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Cape Town's 'Day Zero' ⚠ pushed back amid decline 👀 in agricultural water use


Cape Town officials pushed back their projections for "Day Zero" the day the South African city's taps are expected to run dry from April 16 to May 11, citing a decline in agricultural water use.

Executive Deputy Mayor Ian Neilson said in a statement on Monday that the agricultural sector, which uses the same supply system the city draws its water from, has used its allotment resulting in a drop over the coming weeks.

Experts are keeping a close eye on daily consumption in a desperate bid to avoid the disaster, warning residents tempted to ignore measures that they face fines and the installation of water-management meters if they do not comply.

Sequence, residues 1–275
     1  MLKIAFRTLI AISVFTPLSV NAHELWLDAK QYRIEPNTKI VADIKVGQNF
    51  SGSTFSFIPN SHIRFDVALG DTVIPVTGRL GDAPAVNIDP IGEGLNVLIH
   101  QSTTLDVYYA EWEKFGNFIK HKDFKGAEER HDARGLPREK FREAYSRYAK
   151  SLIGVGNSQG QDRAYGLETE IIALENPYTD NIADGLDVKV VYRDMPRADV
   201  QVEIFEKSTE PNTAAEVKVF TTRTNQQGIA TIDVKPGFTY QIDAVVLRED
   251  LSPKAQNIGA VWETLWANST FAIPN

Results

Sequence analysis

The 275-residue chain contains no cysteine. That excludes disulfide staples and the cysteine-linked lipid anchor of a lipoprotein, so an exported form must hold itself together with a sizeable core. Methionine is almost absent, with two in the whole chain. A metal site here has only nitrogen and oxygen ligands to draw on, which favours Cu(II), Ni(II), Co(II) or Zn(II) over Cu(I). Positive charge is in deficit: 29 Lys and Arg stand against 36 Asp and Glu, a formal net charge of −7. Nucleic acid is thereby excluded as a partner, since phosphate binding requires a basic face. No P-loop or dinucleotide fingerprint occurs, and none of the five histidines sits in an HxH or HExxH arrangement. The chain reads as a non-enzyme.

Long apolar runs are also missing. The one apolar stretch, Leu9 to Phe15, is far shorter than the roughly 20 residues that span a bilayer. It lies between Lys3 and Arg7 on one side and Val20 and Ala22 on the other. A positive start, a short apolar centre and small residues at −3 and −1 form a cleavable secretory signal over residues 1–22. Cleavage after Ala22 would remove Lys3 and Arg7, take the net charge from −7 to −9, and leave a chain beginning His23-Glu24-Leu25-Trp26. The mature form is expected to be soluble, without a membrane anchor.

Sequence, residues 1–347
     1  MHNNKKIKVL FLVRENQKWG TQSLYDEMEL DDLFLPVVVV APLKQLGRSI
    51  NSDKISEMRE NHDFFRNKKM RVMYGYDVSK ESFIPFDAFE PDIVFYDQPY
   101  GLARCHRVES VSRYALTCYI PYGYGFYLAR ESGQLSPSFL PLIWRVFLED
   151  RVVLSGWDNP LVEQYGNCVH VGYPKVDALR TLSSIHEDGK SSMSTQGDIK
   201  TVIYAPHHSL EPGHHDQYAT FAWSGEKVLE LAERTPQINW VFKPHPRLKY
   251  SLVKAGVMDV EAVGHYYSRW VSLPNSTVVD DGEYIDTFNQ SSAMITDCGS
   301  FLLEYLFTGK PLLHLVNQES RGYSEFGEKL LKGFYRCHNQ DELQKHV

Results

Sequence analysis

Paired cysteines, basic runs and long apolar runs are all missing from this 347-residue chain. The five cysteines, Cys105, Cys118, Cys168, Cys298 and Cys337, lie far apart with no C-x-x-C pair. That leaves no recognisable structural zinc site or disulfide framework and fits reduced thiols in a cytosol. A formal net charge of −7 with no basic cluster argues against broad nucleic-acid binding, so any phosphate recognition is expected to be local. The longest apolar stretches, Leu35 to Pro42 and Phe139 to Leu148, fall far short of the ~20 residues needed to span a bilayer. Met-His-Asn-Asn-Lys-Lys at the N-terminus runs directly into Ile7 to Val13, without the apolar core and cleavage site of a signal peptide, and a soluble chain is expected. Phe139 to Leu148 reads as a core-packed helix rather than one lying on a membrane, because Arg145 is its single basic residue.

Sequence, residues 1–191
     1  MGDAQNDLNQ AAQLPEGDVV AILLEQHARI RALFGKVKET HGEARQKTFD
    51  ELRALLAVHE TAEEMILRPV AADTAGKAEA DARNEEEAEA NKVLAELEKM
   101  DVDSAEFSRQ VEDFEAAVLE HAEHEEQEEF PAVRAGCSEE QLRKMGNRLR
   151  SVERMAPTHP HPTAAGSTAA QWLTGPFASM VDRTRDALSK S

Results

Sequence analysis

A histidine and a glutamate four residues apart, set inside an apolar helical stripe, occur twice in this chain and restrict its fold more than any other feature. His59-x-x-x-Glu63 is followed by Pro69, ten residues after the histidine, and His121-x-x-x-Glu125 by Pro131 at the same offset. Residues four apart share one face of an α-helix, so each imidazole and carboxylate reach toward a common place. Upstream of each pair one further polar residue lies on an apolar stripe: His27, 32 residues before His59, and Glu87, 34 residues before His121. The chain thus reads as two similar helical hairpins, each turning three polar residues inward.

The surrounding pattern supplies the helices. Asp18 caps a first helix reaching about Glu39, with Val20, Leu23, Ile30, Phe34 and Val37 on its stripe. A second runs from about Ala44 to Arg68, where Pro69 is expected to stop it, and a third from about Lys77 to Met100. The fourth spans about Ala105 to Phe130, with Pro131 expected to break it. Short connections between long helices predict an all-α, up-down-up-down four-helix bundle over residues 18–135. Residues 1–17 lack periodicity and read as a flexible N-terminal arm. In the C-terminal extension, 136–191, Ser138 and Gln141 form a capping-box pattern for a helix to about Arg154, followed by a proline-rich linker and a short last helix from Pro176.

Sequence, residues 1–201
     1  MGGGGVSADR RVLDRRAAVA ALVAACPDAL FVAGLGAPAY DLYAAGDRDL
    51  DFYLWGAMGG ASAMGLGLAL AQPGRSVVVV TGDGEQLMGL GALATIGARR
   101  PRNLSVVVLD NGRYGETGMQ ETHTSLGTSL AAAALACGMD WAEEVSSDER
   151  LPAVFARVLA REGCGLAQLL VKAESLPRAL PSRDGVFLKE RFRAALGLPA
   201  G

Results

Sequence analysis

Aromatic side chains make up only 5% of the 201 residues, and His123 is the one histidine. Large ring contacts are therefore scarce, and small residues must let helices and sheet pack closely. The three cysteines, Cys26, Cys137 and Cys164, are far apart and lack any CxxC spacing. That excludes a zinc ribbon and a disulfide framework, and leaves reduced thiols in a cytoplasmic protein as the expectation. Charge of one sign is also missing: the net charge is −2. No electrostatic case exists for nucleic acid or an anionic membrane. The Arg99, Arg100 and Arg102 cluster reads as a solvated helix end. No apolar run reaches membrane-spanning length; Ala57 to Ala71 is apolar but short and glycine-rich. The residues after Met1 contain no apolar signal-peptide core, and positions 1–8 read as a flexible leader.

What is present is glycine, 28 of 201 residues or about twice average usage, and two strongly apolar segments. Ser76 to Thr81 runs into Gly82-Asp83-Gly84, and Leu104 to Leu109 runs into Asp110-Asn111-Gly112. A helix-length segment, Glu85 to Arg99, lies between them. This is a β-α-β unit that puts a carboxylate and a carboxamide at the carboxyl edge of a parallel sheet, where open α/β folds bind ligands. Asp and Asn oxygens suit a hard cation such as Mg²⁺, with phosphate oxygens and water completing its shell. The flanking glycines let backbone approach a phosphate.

"This is a welcome decline in water usage and gives Cape Town and some of the other municipalities hope but importantly, we need to get our consumption down to 450 million litres per day to prevent the remaining water supplies running out before the arrival of winter rains.

According to the Intergovernmental Panel on Climate Change's fifth assessment report, long-term climate models indicate a significant drying trend will continue across western portions of South Africa, possibly reducing annual rainfall by up to 40%.

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